Important structural variables in structure conduct performance (SSP) Structural characteristics often change slowly and can be regarded as fixed over time. Government policies can alter industry structure. We can identify the following as some of the more important structural variables. Concentration This refers to the amount of market power held in the hands of a few firms and is normally measured by the share of total industry sales, assets or employment controlled by the largest firms in the industry. Ђ Product differentiation This refers to the nature of the product. To what extent is the product identical to hose produced by other firms; to what extent is it unique? If there is no product differentiation, firms produce identical products and a market structure such as perfect competition prevails. Any change in the nature of the product whether real or imagined will alter the elasticity of demand for an individual firm’s product.
This, in turn, will have implications for revenue and profitability of the established firms. Essentially, the larger the firm, the more likely it will be able to benefit from economies of scale and scope, which ultimately feed through to lower costs and higher profits. However, firm size may also grant an individual firm market power, which can be used to charge customers high prices, ultimately leading to higher profits. Overall, we would normally expect a positive relationship between firm size and profitability.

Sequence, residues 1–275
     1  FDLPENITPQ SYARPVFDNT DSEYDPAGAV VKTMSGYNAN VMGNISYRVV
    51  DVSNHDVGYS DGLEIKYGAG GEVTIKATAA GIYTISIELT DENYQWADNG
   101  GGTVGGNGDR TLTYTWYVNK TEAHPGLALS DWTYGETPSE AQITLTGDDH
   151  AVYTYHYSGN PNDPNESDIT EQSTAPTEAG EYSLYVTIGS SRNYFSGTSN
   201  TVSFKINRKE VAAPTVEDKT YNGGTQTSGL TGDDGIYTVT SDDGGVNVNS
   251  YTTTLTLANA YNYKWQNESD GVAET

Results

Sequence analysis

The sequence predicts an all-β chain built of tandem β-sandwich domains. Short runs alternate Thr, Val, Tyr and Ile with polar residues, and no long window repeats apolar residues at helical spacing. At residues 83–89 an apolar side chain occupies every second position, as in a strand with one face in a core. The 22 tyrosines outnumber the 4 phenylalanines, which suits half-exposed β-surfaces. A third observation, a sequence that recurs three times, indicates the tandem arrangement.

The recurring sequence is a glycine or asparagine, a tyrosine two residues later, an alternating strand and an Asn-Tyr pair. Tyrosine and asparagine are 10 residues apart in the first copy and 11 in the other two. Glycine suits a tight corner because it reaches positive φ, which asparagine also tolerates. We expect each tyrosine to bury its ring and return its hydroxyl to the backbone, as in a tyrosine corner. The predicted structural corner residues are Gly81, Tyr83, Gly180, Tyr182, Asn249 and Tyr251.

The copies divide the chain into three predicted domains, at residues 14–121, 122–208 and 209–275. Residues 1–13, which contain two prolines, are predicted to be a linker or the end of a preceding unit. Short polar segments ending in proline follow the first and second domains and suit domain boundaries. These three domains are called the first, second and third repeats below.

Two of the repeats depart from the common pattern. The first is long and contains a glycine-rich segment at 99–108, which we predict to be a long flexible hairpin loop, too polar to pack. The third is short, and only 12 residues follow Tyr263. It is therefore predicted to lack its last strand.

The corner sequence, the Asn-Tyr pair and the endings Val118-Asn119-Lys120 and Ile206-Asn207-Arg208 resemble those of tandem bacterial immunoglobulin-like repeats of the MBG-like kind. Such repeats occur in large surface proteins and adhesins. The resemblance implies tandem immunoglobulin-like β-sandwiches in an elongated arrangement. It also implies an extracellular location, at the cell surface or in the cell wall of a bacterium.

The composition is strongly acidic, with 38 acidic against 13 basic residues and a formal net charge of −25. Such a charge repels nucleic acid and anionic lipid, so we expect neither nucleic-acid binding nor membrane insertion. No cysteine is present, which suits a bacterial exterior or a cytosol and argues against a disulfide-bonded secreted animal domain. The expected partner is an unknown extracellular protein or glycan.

However, it is by no meaner clear whether the relationship is a consequence of lower costs or of large firms exercising market power by charging consumers higher prices. Entry and exit conditions Entry and exit conditions determine the ease with which new firms can enter or existing firms can leave the industry. If entry is difficult, established firms are haltered from outside competition and are likely to be able to raise prices to make abnormal profits, even in the long run.
Vertical integration and diversification Vertical integration describes the extent to which firms are involved in one or more stages of the production process. For example, a firm may not only manufacture a product, but also be involved in the retailing and distribution of that product. Alternatively, a firm may source its own raw material inputs to supply its manufacturing division. Consequently, vertically integrated firms have greater certainty in obtaining supplies of raw materials and are more likely to have remunerated distribution outlets for their manufactured products.
Diversification describes the extent to which the firm produces a range of products across geographic or product space. In other words, a tall may produce and sell a similar product across different regions or countries or numerous products across the same geographic market. Diversified firms are less exposed to risk than their non- diversified counterparts. This is because any losses incurred in one market can be recouped by profits made in another.